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Italy and Dallas - May 29, 2018

With the recent violent movements in Italian bonds, it’s hardly surprising that market commentary seems to have become highly divergent. So we either face imminent financial Armageddon or all we have to do is wait for a few well-placed words from Mario Draghi to present yet another buying opportunity. However, while the punditry is running around like headless chickens, we like to keep it simple and ask; ‘cui bono?’, or perhaps ’cui malo?’ i.e. who or what is most exposed to Italian bonds.

As we wrote in TFTD on April 3,

“despite the ECB buying boat loads of BTPs, Italian banks are still massive owners of sovereign Italian debt. Perhaps even more remarkably the exposure isn’t limited to the Italians.”

Then, we highlighted research on the banks that had the highest exposure to Italian sovereigns. Going one step further, in looking at overall exposure, not just sovereigns, an article in Frankfurter Allgemeine Zeitung highlights that,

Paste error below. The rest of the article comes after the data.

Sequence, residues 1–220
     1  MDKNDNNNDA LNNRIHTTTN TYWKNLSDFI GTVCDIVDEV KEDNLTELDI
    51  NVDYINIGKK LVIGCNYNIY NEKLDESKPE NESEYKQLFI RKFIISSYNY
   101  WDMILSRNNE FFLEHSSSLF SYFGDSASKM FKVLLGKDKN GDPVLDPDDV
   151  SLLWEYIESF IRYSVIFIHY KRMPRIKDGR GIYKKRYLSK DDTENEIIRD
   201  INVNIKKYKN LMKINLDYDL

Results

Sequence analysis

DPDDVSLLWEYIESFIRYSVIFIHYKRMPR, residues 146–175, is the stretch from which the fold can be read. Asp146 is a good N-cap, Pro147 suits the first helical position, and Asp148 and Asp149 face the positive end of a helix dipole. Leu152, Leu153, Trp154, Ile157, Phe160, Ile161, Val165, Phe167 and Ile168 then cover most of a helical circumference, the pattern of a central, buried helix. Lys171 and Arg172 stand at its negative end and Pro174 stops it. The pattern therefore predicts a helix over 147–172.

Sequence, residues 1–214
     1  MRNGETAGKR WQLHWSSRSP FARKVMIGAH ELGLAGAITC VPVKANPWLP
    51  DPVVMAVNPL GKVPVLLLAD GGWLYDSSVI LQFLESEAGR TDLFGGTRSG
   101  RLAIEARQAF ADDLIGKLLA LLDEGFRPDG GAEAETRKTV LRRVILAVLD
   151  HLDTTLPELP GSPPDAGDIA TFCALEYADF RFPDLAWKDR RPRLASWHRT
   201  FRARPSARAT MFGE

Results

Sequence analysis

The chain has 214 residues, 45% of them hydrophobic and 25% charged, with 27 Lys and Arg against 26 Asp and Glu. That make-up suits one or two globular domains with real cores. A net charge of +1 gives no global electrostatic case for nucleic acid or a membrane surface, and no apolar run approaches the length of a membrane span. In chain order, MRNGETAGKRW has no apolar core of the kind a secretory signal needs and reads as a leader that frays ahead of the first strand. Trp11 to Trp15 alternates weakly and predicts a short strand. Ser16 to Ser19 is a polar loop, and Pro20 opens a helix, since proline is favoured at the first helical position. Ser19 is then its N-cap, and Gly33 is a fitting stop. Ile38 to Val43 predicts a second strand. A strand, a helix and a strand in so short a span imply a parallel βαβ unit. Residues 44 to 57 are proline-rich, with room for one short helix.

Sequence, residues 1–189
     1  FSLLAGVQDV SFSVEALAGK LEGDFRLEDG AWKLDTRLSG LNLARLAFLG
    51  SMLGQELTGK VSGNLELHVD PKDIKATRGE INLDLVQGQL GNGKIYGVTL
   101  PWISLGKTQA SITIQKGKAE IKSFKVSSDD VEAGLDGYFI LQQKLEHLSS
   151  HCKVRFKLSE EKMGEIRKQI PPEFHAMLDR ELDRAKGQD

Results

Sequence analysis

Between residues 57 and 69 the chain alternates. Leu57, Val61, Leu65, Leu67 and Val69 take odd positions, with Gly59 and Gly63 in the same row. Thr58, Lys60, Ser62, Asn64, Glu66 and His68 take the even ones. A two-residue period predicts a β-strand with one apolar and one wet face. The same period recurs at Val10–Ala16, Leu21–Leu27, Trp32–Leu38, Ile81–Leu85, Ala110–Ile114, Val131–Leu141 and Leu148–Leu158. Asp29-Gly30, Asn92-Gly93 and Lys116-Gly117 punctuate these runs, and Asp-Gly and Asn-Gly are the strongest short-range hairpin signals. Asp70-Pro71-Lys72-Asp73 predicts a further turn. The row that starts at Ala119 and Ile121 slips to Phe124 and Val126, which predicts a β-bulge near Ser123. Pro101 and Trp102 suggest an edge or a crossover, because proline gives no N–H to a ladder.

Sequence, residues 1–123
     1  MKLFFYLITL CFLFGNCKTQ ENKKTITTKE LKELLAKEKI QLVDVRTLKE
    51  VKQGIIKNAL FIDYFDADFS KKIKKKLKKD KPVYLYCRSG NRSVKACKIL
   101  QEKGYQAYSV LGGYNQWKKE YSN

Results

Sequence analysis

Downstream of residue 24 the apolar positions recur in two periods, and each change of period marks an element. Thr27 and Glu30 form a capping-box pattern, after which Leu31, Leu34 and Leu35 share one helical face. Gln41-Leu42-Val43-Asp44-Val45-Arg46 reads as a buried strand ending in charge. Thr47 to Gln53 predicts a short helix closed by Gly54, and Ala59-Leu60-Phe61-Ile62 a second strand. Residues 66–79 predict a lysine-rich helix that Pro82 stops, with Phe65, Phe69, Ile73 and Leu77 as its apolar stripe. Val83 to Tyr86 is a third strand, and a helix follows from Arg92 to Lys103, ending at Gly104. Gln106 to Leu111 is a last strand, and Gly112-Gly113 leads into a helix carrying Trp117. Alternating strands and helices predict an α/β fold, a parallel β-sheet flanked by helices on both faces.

“France’s banks have the most to lose in Italy”.

Drawing on data published by the BIS, the article notes that the French claims on Italian counterparties,

“amounted to $311 billion, of which $63 billion was to the Italian government.”

As the article notes somewhat cynically is might explain why Macron is so gung-ho about a European banking union.

 

A little bit closer to home, the Dallas Fed released its Manufacturing Outlook Survey and the general trends remain intact with good readings across production and orders. Capacity utilization raged to the highest reading since 2006 and some respondents were worried about pricing pressures, whether in raw materials or in wages.

This month’s survey asked additional questions about wages and input prices, the responses to which are worth perusing and vary from one paper manufacturer who is somewhat dour, saying,

“Business volume is outstanding. Margins are terrible”

to a building equipment dealer who has found some creativity,

“Things we used to not charge for we are using as upgrades and charging to make up for input prices rising.”